Wells are drying up in three northern county towns

ADDISON COUNTY — The drought that continues to plague northern Vermont has begun to affect Addison County.
Residents in Ferrisburgh, Monkton and Starksboro reported that their wells have run dry.
Penny Oosterman said her well in Ferrisburgh dried up about a month ago.
“I had just bought a brand-new washer and dryer. Then one day I ran a load of laundry and nothing but dirt water came into the washer. It gunked everything up,” she said.
There hasn’t been any water since.
“I just had the water plumbing in my house repaired because it kept freezing up in the winter and now I don’t even have any water to run through the pipes.”
Lewis Creek, which runs across the northern tier of Addison County, looks low for this time of year, too, Oosterman said. The rain doesn’t seem to be replenishing it.
“I’ve lived here 40 years and never seen it this dry. I used to gauge water levels by looking at nearby ponds, but you can’t see the ponds from the road anymore.”
Oosterman’s neighbor has been delivering water to her house in a 250-gallon sap tank, and her brother-in-law has also brought water. It could be worse, her well water is non-potable and she normally only uses it for bathing and washing but buys her drinking water in bottles from Kinney Drug.
“It’s just me and my little dog. We don’t need much,” she said.
Oosterman lost her garden this year, as well.
“The whole thing is quite an inconvenience, and it can get expensive if you’re not aware you’re low on water,” she said. “I’m 65 years old and disabled. It’s not easy to lug water into the house. Thankfully I have wonderful kids and neighbors. But I hate going to the Laundromat when I have a new washer and dryer.”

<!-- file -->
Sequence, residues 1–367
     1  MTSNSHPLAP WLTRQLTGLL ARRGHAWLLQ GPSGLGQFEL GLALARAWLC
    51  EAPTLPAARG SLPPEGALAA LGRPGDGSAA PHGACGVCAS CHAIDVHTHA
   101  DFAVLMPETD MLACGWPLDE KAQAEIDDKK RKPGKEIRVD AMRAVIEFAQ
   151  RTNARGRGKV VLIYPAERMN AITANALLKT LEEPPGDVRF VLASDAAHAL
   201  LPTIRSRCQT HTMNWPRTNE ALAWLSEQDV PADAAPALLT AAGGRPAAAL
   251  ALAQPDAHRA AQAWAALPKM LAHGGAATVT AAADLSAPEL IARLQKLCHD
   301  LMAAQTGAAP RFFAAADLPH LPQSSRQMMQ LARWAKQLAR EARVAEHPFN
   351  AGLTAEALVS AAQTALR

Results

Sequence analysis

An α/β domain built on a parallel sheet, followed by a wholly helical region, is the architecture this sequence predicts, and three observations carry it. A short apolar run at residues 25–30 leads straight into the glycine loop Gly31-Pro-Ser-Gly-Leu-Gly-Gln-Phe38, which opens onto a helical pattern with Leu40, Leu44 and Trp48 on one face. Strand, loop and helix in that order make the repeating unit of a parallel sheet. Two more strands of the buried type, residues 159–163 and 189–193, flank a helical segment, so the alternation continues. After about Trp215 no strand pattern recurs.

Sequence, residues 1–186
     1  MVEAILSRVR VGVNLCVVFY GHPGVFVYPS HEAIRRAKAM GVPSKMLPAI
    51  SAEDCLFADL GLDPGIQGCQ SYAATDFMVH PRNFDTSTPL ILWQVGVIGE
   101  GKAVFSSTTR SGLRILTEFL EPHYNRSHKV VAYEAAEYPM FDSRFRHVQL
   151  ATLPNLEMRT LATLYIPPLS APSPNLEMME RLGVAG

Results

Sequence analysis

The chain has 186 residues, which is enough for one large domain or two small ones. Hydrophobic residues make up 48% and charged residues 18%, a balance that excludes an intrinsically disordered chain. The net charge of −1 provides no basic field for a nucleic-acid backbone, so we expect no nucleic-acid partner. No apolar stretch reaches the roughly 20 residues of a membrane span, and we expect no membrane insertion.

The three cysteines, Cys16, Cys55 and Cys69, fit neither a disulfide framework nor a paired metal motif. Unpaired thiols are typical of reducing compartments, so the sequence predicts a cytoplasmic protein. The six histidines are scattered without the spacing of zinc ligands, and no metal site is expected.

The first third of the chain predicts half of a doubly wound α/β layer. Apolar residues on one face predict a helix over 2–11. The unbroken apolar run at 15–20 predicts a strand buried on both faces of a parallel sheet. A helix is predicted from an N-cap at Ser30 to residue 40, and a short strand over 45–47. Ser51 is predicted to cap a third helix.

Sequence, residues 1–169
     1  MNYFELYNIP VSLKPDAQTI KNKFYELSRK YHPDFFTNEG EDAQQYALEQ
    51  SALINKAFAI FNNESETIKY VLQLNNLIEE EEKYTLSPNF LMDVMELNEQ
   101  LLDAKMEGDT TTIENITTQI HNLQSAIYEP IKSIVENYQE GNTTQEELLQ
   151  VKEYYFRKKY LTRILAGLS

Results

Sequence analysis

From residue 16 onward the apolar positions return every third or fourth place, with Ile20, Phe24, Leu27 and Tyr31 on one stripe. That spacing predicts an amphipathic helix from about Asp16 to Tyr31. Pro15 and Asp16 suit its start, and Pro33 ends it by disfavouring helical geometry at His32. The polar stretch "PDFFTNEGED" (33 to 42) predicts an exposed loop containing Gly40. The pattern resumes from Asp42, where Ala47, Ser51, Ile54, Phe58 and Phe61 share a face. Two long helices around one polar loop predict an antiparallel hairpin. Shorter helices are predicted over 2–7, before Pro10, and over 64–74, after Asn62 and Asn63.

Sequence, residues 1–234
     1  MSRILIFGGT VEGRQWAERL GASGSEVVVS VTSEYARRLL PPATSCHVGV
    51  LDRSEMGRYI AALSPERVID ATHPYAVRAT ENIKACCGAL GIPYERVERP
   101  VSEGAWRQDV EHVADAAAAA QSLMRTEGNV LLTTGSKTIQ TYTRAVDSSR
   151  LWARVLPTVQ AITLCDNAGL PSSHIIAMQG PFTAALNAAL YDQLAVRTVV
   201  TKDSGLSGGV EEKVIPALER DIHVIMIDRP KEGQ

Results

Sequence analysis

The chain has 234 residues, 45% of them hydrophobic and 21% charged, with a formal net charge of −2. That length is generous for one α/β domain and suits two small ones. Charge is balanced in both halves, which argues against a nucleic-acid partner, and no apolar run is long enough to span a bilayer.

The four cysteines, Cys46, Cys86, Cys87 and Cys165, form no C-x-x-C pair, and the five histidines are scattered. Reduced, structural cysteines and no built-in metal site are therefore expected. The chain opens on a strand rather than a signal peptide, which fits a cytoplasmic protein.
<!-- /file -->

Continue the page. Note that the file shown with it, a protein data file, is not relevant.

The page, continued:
In response to a few phone calls and emails to town officials, the Ferrisburgh selectboard discussed “water shortage issues for town residents with private wells” at its Oct. 2 meeting. Selectboard member Steve Gutkowski said he was unaware of any town resources available to address the issue. Board chair Rick Ebel concluded that it “was not an emergency situation.” He had spoken with Fire Chief Bill Wager, who suggested that residents experiencing shortages could contact local water haulers.
“Thankfully, we’ve got some rain coming down now,” Ebelsaid.
In Monkton, it also was a washing machine that tipped off residents Nana Kristen and Dave Bristol in August.
“We could hear it having trouble pumping water and then there was no water left,” Kristen said.
Kristen and Bristol’s well, which was 25 feet deep, had served the previous owners fine for 30 years, she said.
The couple managed to get a well-drilling appointment with Chevalier Drilling Co., which is based in Highgate Springs. While they waited, Monkton Town Clerk Sharon Gomez let them into the fire station to get water from the kitchen sink there.
“Sharon was really helpful to us,” Kristen said.
Two weeks ago, Chevalier drilled a new well on their property.
“It’s 320 feet (deep),” Kristen said. “They hit a stream so we have enough water for eight houses. We have great water pressure.”
In Starksboro, Traci Orvis and her family live in the house that used to belong to her husband’s grandparents.